But Canadians don’t do war like we do, after all.

Sure there are pecking orders with high scoring teammates, like Stephen Curry and Klay Thompson, Chris Paul and J.J. Redick.

But in many respects, Rose is playing now like the player he was supposed to be coming out of college, averaging 15.3 points and running the team. It’s just been until the emergence of Butler as a scorer, Rose wasn’t playing with anyone else who could average 20 points. Is he jealous and resentful? It hardly seems so given his constant refrain that Butler doesn’t shoot enough.

“This is new for me as it’s new for him, playing with an elite guard,” said Rose after Thursday’s win. “We’re young. The way he’s been playing has been great. I want him to shoot more. But I love his shot selection, the way he’s driving into the lane, getting fouls; it helps our team all the way around.”

Rose is averaging 15.3 points and 4.5 assists for the season while Butler, being named to his second consecutive All-Star team Thursday by the vote of the coaches, is averaging 22.4 points and 4.3 assists. Neither shoots the three pointer that well, but with both averaging more than four assists it suggests the opportunity for better ball movement and brisker play. It’s been a goal of the team all season.

And you can also see it coming.

Rose is averaging 17.4 points per game in January along with 46 percent shooting. Butler is averaging 25 points and 5.8 assists.

Curry and Thompson lead in the month at about 51 points per game with DeRozan and Lowry at about 45. Portland’s Damian Lillard and C.J. McCollum also combine for about 45 per game, though there are essentially no other serious scorers on that team. Butler and Rose are barely behind in January at almost 43 points per game combined, making them one of the elite offensive backcourts in the NBA, and with Butler one of the better two-way backcourts.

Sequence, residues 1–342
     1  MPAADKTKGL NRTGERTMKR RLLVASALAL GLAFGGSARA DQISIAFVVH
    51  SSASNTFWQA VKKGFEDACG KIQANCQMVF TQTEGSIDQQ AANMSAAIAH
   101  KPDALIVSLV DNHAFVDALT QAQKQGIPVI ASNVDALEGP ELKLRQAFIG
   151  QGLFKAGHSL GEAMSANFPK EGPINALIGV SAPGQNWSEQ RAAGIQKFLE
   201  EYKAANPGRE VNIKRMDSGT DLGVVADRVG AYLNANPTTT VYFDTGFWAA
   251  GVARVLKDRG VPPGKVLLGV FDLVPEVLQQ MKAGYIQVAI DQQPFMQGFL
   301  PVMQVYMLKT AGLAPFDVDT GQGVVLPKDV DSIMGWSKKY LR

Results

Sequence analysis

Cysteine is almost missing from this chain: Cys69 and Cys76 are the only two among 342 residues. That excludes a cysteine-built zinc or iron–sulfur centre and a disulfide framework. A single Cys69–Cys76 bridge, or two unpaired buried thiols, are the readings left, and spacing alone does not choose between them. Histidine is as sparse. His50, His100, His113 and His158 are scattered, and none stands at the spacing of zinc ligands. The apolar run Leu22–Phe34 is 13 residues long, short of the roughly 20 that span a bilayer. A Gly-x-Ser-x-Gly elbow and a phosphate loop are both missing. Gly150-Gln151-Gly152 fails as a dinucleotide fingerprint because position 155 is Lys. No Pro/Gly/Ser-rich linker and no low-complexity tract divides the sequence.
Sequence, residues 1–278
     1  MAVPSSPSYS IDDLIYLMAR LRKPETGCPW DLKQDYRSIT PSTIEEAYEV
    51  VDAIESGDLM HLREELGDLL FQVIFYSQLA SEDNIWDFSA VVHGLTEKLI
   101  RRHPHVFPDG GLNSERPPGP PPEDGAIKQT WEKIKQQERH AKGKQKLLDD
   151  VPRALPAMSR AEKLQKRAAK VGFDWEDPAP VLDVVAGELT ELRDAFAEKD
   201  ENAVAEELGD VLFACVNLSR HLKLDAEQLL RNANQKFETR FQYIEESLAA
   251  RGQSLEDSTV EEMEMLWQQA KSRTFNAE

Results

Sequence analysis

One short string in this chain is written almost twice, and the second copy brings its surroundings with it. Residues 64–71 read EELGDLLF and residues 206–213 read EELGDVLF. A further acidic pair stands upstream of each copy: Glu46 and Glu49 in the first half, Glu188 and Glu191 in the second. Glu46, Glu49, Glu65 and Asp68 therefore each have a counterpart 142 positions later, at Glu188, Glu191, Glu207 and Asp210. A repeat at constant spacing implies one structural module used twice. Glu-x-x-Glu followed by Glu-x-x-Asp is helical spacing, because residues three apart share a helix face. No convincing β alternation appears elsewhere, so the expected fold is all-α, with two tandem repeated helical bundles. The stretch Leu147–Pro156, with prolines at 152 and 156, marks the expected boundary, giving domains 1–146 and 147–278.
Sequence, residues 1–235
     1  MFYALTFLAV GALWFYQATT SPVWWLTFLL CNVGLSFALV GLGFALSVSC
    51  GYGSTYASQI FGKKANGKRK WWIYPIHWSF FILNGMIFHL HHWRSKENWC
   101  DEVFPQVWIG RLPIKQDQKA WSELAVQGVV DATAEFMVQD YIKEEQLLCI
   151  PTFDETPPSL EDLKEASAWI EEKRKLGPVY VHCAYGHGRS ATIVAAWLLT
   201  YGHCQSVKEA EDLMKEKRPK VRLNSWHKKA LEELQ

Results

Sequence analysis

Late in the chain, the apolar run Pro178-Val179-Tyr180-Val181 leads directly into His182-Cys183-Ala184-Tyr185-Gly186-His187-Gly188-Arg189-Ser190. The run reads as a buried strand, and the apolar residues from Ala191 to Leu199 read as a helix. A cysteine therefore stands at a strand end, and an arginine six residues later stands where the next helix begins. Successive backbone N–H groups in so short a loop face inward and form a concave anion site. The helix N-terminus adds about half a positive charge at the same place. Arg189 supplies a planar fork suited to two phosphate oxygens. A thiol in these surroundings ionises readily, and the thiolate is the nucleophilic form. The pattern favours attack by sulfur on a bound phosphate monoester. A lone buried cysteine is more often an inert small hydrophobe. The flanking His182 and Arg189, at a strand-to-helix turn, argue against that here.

With Rose and Butler pushing the ball like in the Lakers game, with both passing and attacking the basket and scoring, it gives the Bulls options that few teams have.

“Lot of assists (against the Lakers) like (29), that’s huge,” said Rose. “It’s all about effort and conditioning, playing this uptempo type pace. That’s when we are most dangerous, in the open court. I didn’t see this (Butler’s playmaking) early in his career, but I’m starting to see it and I love it because whenever he brings the ball up it’s a swing, swing and I’m catching the ball with a live dribble and that’s kind of hard for some teams to stay with, two players on both sides of the floor. One of us is going to get good looks at the rim or open up something for the offense. And me and Jimmy do a good job of crashing in and getting boards (combining for more than nine per game, high among top backcourts).”

And then added to that is the canny half court play of Pau Gasol, averaging 17.6 points, 11.4 rebounds and 3.9 assists in January and 56 percent on threes.

“Jimmy’s pretty consistent,” said Gasol. “When Derrick is effective (and) I’m effective, then it frees things up for the rest of the guys, gives them easier shots and when three of us have good games like we did (Thursday) then it’s a pretty good chance we’ll win the game.”

And maybe they’ll look back to January in Los Angeles when Pau, Derrick and Jimmy connected, the Lakers sagged, the Bulls pulled away and a connection was made.